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‘RBG’ Doc Shows How Lasting Political Change Often Happens Behind The Scenes

‘RBG’ Doc Shows How Lasting Political Change Often Happens Behind The Scenes


Sometimes it feels like we already know everything about Supreme Court Justice Ruth Bader Ginsburg, given her transformation into the pop culture icon known as “the Notorious RBG.” The documentary “RBG,” premiering Friday, is one of two movies about her being released this year. (Another television project was announced this week, a miniseries that will chronicle her and Justice Sandra Day O’Connor, the first two women on the high court.)

Further proving her cultural ubiquity, “RBG,” directed by Betsy West and Julie Cohen, features footage from her many speaking engagements in recent years, employing recurrent punchlines and anecdotes. The justice has extensively discussed her storied career fighting gender discrimination, her late husband, Marty, championing her work, her “odd couple” friendship with conservative Justice Antonin Scalia — and, on the lighter side, her famous fitness regimen.

In that way, much of the documentary, a celebratory and endearing portrait of the feminist pioneer, covers familiar territory. But it manages to sidestep “the easy narrative” of Ginsburg as a “badass” by illustrating the “paradox” of how she “still feels more comfortable in the world of words and text than in the world of fame and notoriety,” as Slate’s Dahlia Lithwick wrote earlier this week.

Part of that paradox emerges in the through-line connecting Ginsburg’s entire legal career, that true and lasting change is slow, often happening in stops and starts, two steps forward, one step back.

In addition to her approach to the law, this also comes through in Ginsburg’s personality. Despite her ebullient public persona, her family, friends and colleagues often describe her in the film’s interviews as “reserved,” “quiet” and “timid.” Yet, as NPR’s Nina Totenberg recounts, Ginsburg could be “a performer” and rise to the occasion when it mattered, like during her Supreme Court confirmation process.

For the most part, as depicted in the documentary, Ginsburg let her reputation precede her, through hard work and having every possible legal strategy at the ready, in order to outmaneuver her opponents. It’s inspirational when so often women in the public eye get derided for being overprepared.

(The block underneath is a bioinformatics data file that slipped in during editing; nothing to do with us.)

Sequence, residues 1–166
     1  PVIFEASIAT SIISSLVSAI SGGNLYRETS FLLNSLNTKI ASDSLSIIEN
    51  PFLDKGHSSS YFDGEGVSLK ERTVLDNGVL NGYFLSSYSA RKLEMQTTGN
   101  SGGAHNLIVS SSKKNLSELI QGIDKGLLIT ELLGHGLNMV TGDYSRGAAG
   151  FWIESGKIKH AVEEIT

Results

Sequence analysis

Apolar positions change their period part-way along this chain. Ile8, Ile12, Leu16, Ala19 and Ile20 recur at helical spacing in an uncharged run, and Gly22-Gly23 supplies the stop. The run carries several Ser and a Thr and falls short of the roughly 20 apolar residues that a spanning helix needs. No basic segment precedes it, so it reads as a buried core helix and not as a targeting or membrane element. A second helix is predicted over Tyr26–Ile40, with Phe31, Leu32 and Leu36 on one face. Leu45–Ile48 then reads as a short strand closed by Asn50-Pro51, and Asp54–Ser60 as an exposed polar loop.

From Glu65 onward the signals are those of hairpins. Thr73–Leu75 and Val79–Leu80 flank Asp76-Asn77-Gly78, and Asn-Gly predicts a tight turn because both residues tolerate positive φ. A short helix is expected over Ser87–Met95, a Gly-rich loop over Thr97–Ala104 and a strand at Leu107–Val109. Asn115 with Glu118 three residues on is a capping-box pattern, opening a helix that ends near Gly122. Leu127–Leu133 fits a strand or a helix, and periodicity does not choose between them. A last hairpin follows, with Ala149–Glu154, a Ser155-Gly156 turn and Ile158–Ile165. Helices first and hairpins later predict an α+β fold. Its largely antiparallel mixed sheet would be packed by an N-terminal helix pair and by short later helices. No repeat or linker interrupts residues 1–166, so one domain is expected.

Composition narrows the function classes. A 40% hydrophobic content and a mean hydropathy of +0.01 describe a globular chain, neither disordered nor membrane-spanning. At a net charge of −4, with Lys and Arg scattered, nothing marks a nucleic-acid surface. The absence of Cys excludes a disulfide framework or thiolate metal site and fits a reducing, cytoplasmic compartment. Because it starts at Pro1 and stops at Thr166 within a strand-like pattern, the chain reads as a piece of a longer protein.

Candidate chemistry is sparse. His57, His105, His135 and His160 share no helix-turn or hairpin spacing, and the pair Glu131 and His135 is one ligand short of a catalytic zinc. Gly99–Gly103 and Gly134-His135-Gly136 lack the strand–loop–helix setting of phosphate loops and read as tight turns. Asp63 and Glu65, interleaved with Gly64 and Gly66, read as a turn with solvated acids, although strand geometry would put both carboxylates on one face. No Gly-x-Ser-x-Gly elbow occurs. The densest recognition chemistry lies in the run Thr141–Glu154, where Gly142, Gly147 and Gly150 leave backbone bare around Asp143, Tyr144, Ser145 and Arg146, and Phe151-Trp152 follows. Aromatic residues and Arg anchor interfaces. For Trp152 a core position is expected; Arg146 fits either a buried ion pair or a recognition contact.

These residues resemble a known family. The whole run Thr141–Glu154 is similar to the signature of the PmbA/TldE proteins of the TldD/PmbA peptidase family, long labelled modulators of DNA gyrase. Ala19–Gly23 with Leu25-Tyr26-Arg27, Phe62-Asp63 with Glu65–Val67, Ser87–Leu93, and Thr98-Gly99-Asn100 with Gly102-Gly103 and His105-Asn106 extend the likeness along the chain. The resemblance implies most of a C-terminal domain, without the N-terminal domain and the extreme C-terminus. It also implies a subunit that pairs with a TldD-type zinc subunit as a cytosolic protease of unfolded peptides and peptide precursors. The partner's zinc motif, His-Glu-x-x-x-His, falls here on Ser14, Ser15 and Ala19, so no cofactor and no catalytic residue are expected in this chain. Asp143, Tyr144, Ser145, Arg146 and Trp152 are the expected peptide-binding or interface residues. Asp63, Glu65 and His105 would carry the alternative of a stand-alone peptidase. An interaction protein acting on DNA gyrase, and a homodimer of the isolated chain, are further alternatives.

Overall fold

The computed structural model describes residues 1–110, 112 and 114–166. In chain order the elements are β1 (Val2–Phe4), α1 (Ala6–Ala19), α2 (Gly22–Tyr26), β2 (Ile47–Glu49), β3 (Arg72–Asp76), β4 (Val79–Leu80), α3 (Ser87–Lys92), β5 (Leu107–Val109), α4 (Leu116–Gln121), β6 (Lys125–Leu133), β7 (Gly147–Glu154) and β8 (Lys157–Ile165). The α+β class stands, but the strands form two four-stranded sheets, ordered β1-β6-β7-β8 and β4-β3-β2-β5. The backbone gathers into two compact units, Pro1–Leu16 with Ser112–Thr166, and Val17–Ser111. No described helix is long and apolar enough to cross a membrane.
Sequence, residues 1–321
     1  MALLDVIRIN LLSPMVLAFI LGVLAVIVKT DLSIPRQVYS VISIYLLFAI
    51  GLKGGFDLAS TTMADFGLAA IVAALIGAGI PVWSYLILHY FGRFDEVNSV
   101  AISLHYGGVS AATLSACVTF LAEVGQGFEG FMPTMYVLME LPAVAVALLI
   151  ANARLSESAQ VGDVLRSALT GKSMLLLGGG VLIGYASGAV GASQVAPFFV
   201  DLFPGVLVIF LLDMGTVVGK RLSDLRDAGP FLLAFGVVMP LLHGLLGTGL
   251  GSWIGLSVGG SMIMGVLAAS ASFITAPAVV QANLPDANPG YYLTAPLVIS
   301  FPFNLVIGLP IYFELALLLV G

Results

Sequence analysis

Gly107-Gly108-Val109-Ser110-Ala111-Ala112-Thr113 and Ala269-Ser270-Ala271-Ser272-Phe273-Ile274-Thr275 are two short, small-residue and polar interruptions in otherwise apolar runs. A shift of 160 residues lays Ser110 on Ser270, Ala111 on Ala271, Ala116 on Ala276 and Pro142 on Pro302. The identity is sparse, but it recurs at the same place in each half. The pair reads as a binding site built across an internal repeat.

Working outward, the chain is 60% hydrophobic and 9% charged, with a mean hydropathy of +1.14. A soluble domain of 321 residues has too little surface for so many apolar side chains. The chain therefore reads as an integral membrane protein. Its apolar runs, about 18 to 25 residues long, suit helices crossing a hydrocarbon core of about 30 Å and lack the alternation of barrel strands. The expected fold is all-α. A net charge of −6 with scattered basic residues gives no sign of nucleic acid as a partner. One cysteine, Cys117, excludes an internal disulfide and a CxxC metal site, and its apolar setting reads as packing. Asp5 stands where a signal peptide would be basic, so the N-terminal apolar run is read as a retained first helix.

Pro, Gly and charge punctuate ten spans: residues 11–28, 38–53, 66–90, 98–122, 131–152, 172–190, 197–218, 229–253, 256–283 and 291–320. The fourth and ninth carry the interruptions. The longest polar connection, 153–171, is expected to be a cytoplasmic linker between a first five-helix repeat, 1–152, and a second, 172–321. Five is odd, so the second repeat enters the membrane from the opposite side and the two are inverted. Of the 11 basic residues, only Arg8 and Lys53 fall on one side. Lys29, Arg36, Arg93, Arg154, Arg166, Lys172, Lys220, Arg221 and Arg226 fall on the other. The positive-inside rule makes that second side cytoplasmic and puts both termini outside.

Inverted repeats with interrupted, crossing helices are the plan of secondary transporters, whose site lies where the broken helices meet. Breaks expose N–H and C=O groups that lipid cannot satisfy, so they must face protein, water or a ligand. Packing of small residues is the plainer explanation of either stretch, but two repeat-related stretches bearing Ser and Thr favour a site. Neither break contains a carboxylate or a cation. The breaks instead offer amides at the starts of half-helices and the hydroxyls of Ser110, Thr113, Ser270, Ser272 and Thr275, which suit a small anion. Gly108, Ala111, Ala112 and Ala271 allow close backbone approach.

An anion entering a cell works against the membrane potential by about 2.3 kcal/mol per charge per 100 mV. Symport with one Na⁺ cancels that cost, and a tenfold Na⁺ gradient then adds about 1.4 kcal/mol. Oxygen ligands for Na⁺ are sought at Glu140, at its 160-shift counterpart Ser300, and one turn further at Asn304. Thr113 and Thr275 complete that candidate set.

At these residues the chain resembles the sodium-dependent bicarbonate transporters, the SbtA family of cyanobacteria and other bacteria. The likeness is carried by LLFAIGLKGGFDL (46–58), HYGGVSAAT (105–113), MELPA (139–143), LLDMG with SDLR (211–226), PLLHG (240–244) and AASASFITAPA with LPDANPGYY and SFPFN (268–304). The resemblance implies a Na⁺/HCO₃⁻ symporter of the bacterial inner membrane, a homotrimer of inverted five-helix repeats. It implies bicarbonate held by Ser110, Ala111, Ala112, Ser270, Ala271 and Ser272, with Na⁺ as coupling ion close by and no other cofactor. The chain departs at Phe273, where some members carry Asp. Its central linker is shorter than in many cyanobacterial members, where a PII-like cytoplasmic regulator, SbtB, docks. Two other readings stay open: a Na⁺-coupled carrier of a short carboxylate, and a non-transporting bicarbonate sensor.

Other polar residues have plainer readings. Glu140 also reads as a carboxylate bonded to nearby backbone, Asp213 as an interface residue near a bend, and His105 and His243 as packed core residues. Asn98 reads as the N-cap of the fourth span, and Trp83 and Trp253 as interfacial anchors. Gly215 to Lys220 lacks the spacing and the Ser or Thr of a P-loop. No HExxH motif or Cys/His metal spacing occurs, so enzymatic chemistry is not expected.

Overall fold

“RBG” deepens viewers’ legal knowledge by documenting her years at the American Civil Liberties Union’s Women’s Rights Project, introducing the audience to some of the plaintiffs she represented.

During these cases, instead of getting frustrated by male judges who ridiculed her and could not seem to grasp the scope of gender discrimination, Ginsburg patiently educated them on legal history, seeing these moments of animosity “always as an opportunity to teach,” as she says in the film.

“One of the things I tried to plant in their minds was, think about how you would want the world to be for your daughters and granddaughters,” she recalls.

According to the film, she was focused on changing the system from within, smartly recognizing that the best strategy was to build a bulletproof legal doctrine through each gender discrimination case that she took on.

“I said, it’s too soon,” she said during her Supreme Court confirmation hearings in 1993, recounting one of her earlier cases. “My expectation, to be candid, was that I would repeat that argument maybe half a dozen times. I didn’t expect it to happen in one fell swoop. I think generally in our society, real change, enduring change, happens one step at a time.”

Ginsburg in 1993 with President Bill Clinton, who nominated her to the court.

The approach may have appeared “conservative,” as Kathleen Peratis, a former director of the ACLU Women’s Rights Project, says in the film. But eventually it paid off.

Similarly, Ginsburg had criticized the landmark Roe v. Wade decision establishing a woman’s right to an abortion because she feared, rightly, that a sweeping ruling would galvanize activism against abortion. Instead, she argued for individual state laws, which some legislatures were already on their way to passing.

While watching Ginsburg’s career unfold in the documentary, it is hard not to think of the current moment, with the Me Too and Time’s Up movements already generating forms of backlash. While change has happened, it is still slow.

There are reminders of this throughout the documentary, when Ginsburg is shown in rooms full of men, arguing cases before panels of male judges, facing questions at her confirmation hearing before a Senate committee. Today, men still outnumber women in countless positions of power.

And yet, when asked about the current moment, Ginsburg seems clear-eyed.

“When I see women appearing every place in numbers, I’m less worried about a backlash than I might have been 20 years ago,” she said at the documentary’s Sundance Film Festival premiere in January, arguing that now “the law is on the side of women, or men, who encounter harassment, and that’s a good thing.”

In some ways, the law still favors perpetrators, and the work of her generation certainly remains unfinished. But Ginsburg’s confidence that permanent change is possible comes from the perspective of someone who has seen it all and has done what women often do — put our heads down and do the work.

‘RBG’ is in theaters Friday and will air on CNN later this year.





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